On 26 February, Wilders gave a closed screening of Fitna for members of Congress and staffers in the LBJ Room at the US Senate. The event was hosted by Republican Senator Jon Kyl and co-sponsored by the Center for Security Policy and Lars Hedegaard's International Free Press Society.[74]Among those in attendance was Senator Roger Wicker.[75] On 27 February, Wilders was spoke at a National Press Club event sponsored by the Center for Security Policy's Frank Gaffney.[76]He reiterated his call for an end to immigration from Muslim countries, and said that"our Western culture based on Christianity, Judaism, and humanism is in every aspect better than Islamic culture". David Frum and Frank Gaffney were among those attending the event.[77][78] On the same day, Wilders addressed a reception in his honour at the Omni Shoreham Hotel, venue for the Conservative Political Action Conference(CPAC). The event was co-sponsored by the David Horowitz Freedom Center, Pamela Geller's Atlas Shrugs blog, Robert Spencer's Jihad Watch, and Dr. Andrew Bostom.[79] Spencer, Geller and Bostom spoke at the event, while other attendees included Stephen Coughlin, Diana West, Tom Trento, Frank Gaffney and Christine Brim.[80] Patrick Poole also met Wilders during the conference.[81] Ahead of the reception, Robert Spencer expressed disappointment that Wilders had not been booked to speak on any of the CPAC panel sessions:

"How is it possible that a conservative conference does not have a single panel on the threat from radical Islam?" he complained to NEWSWEEK.[82]

Czech Invitation

In March 2009, The Czech website invited Wilders, to visit the Czech Republic. The site's editor-in-chief Edvard Steinsky said Czech MEP Vladimir Zelezny has also sent an invitation to Wilders.[83]

Danish invitation

Also in March 2009, a proposal to invite Wilders to an anti-radicalisation conference in Denmark led to a dispute among the major political parties there. The invitation was supported by the Danish People's Party and the Conservative Party but opposed by the Liberal Alliance Party.[84]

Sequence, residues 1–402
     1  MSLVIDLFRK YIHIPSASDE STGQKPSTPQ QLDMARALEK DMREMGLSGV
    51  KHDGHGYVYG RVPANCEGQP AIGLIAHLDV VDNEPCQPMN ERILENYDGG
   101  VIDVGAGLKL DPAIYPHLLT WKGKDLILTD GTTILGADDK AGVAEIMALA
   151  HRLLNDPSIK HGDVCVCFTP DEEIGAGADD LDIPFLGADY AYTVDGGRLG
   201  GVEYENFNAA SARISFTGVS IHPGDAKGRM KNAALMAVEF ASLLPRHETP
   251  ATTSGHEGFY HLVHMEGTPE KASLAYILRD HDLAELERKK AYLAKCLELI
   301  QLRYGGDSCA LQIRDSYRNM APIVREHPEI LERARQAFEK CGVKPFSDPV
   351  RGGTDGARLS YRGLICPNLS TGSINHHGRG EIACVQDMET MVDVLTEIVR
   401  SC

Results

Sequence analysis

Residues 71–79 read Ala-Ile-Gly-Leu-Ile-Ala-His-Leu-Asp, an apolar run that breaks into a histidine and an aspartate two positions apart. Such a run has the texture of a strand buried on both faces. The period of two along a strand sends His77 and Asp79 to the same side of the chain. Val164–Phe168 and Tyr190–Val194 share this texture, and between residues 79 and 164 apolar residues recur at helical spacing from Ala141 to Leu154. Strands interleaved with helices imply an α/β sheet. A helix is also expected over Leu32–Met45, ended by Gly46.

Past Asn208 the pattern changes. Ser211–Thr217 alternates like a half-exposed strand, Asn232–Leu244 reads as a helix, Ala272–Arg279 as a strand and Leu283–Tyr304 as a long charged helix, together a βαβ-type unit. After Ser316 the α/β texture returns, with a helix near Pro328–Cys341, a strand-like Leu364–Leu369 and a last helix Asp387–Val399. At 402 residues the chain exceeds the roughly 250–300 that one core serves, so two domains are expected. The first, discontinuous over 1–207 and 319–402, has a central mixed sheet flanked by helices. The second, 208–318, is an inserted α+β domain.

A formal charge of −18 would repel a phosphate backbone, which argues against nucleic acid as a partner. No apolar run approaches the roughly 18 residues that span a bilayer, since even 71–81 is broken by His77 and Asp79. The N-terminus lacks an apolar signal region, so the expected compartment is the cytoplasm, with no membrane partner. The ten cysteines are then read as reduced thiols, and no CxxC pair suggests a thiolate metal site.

French court case

A French NGO, the Association for the Defence of Human Rights, said in March 2009 that it was suing Wilders for inciting racial hatred over a speech in New York in which he said that Paris was "encircled by Muslim districts."[85]

California visit

Wilders spoke at the Chapman Law School in California on 4 April 2009.[86] Those present included Robert Spencer and members of ACT! For America.[87]

The following day Wilders gave a talk and screening of Fitna at the Skirball Cultural Center in Los Angeles. The event was hosted by the David Horowitz Freedom Center, American Freedom Alliance and the Children of Jewish Holocaust Survivors (CJHSLA). Jerry Gordon of the New English Review stated that he helped Wilders's scheduler Bjorn Larsen to organise the event along with Doris Wise of CJHSLA and Michael Finch of the David Horowitz Freedom Center.[88]

Nashville conference cancelled

Wilders was due to speak by video at the New English Review Symposium entitled Understanding the Jihad in Israel, Europe and America, at the Loews Vanderbilt Plaza Hotel in Nashville on 29th and 30th May 2009.[89] The event was cancelled by Loews Managing Director Thomas Negri "for the health, safety and well-being of our guests and employees."[90]

British visit

Wilders visited Britain in October 2009, after the courts overturned the Home Office order banning him from entering the country. He spoke at a Westminster press conference hosted by UK Independence Party leader Lord Pearson.[91] He visited again in March 2010 to show his film Fitna in the House of Lords at the invitation of Lord Pearson and cross-bencher Baroness Cox. At the press conference afterwards he repeated his views that Islam was a "fascist ideology", "a violent and dangerous religion and a retarded culture". A large-scale police operation was needed to keep apart protestors from Unite against Fascism and the far-right English Defence League who had turned out to welcome him to London. [92]

Mohammed cartoons

Geert Wilders speaking at a PEGIDA rally in Dresden, Germany, in April 2015

Wilders spoke at a Mohammed cartoon contest organised by Pamela Geller's American Freedom Defense Initiative in Garland, Texas, in May 2015. Two armed men believed to have been attempting to kill those inside the building were shot and killed by police outside the event.[93]

In June Wilders used a PVV political party broadcast to show the images on Dutch television.[94]

He was also announced as the main speaker at a planned London exhibition of cartoons of Mohammed, organised by British group Sharia Watch UK run by former UKIP candidate Anne Marie Waters.[95] Scheduled for September 2015, the event was cancelled a month beforehand due to 'security concerns' cited by Waters.[96]

PEGIDA speech

On 13 April 2015 Wilders appeared at a rally in Dresden, Germany, organised by the PEGIDA movement (a German acronym which translates as 'Patriotic Europeans Against the Islamisation of the Occident'). PEGIDA had predicted that 30,000 people would attend but the number present was estimated at approximately 10,000.

Numbers at weekly PEGIDA rallies had dwindled following the emergence of photos of founder Lutz Bachmann posing as Hitler. Wilders appearance was intended to rejuvenate the movement. He used his speech to mock the claim that 'Islam belongs in Germany', as asserted by the German chancellor Angela Merkel.[97]